New Obamacare Challenge: Lawsuit Says IRS Is Flouting the Law As Written by Congress

Susan Jones | May 2, 2013 | 6:33am EDT
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President Barack Obama hugs HHS Secretary Kathleen Sebelius and then-House Speaker Nancy Pelosi after signing the Obamacare law on March 23, 2010. (White House photo/Pete Souza)

( - Here comes another legal challenge to Obamacare: On Thursday, a group of small business owners and individuals in six states sued the federal government over an IRS regulation that they say goes beyond the "plain language" of the Affordable Care Act (ACA).

In a nutshell, the plaintiffs argue that federal subsidies intended to help lower-income people afford insurance are going to states that should not get them.

The way the Affordable Care Act is written, states that refuse to set up their own health care exchanges are not eligible for the federal premium subsidies.

But the IRS rule says lower-income people living in those states will get federal subsidies to help them pay for their insurance premiums -- even though the Affordable Care Act's statutory language limits those subsidies to exchanges established by the states.

The lawsuit says because of the IRS rule that illegally expands federal subsidies to all states, the plaintiffs "will be forced to either purchase or sponsor specific insurance that they otherwise would not purchase or sponsor, or expose themselves to financial penalties."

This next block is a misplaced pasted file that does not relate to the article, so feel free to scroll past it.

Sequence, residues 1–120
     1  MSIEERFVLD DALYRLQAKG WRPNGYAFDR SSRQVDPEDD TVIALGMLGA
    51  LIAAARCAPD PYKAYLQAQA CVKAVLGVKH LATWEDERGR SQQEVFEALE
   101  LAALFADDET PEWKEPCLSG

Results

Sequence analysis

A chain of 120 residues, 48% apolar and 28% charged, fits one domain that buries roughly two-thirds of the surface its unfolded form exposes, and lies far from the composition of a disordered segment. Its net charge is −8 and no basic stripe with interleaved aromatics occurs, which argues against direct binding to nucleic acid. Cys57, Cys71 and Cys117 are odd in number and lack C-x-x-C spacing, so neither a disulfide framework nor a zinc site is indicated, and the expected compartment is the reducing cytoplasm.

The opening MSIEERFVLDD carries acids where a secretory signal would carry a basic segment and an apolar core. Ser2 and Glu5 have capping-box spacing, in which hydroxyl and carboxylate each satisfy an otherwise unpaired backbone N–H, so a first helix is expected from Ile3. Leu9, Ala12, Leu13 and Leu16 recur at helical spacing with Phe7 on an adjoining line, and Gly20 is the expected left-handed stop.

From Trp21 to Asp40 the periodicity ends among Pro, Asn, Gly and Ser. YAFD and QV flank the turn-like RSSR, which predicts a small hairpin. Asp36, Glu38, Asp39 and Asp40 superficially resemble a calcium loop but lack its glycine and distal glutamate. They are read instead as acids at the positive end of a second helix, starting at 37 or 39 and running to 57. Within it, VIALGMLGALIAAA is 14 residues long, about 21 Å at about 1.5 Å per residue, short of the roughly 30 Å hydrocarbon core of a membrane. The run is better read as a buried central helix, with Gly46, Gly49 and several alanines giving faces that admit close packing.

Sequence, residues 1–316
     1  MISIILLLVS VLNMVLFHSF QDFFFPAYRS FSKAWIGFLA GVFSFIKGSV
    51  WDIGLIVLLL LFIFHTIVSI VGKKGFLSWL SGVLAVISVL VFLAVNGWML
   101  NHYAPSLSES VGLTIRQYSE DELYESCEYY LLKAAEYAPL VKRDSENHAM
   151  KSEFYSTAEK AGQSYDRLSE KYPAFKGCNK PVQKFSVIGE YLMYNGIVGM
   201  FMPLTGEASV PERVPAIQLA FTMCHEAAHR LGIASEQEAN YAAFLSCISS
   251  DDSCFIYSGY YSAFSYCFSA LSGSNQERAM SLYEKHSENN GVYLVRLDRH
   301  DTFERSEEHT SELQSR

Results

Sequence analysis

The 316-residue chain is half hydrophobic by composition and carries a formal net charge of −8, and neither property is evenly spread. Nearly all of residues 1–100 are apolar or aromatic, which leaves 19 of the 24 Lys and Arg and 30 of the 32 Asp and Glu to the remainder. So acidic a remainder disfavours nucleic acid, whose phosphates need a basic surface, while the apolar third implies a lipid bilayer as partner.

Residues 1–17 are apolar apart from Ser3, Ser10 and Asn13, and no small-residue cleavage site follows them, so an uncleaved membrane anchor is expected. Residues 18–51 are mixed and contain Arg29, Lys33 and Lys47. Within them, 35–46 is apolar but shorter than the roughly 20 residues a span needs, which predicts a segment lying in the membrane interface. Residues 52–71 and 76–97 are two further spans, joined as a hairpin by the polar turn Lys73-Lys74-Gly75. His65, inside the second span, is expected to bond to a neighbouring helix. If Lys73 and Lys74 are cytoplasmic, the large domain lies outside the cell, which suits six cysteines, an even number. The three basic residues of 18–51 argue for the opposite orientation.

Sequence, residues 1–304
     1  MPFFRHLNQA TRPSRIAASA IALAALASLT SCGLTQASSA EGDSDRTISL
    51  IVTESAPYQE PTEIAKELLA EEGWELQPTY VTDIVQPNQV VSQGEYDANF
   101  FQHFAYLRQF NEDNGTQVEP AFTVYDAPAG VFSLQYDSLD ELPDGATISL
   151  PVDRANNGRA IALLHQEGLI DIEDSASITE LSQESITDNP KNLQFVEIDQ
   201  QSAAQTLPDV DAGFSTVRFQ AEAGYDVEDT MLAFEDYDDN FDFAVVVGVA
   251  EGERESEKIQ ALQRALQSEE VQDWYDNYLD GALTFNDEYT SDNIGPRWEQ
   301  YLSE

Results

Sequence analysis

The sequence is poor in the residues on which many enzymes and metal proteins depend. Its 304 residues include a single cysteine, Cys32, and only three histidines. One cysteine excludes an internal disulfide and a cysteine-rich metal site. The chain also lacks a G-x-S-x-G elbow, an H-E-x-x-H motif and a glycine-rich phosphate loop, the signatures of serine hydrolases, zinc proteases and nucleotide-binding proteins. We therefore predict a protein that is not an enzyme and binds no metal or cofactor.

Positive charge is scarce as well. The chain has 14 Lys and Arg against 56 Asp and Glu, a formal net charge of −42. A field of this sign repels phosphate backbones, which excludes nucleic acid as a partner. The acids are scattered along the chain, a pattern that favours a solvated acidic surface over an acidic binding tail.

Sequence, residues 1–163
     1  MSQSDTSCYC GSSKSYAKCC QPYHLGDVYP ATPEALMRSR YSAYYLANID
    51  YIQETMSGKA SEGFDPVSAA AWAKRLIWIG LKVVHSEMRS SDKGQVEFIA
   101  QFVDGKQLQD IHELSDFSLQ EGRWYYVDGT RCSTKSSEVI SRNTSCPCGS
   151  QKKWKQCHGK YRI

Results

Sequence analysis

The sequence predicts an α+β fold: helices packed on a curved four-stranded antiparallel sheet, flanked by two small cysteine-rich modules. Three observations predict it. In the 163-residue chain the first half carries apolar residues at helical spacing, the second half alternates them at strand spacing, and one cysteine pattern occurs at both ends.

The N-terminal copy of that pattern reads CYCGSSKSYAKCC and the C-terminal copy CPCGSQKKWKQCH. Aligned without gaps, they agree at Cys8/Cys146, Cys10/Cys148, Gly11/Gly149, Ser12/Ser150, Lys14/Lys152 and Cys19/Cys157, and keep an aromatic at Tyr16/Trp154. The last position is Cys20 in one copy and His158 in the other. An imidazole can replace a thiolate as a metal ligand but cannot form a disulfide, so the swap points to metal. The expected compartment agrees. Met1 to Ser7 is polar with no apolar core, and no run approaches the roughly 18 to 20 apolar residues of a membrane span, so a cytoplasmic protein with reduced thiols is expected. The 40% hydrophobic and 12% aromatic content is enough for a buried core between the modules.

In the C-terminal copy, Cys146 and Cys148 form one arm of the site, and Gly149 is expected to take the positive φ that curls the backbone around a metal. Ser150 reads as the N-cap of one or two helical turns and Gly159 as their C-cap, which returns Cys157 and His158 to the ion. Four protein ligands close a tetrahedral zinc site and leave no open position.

Bottom line: The plaintiffs want nothing to do with Obamacare, and they say the availability of federal subsidies will force them into it -- or penalize them for avoiding it.

Here's the background: To encourage states to establish their own health insurance exchanges, Congress offered low- and moderate- income residents premium assistance - in the form of refundable tax credits -- to help them buy insurance on state health exchanges.

States that refused to establish their own exchanges -- leaving it to the federal government instead -- would not get subsidized premiums.

As it turns out, a majority of states (33) have refused to establish their own health care exchanges. But regardless of statutory language limiting subsidized premiums to exchanges established by the states, the IRS has issued a rule authorizing federal subsidies even in states that are letting the federal government establish their exchanges for them.

Disbursing monies from the U.S. Treasury in this way exceeds the authority granted by Obamacare, the plaintiffs argue. As the lawsuit put it, "The IRS Rule squarely contravenes the express text of the ACA, ignoring the clear limitations that Congress imposed on the availability of the federal subsidies."

“Agencies are bound by the laws enacted by Congress,” said Sam Kazman, general counsel of the Competitive Enterprise Institute (CEI), which is coordinating the lawsuit. “Obamacare is already an incredibly massive program.  For the IRS to expand it even more, without congressional authorization and in a manner aimed at undercutting state choice, is flagrantly illegal.” 

The plaintiffs say while most subsidies benefit the recipient, the Obamacare subsidies "financially injure and restrict the economic choices" of certain individuals.

Here's why: If they were not eligible for federal subsidies, the plaintiffs say they would be exempt from Obamacare's individual mandate under a clause that applies to people for whom insurance is "unaffordable."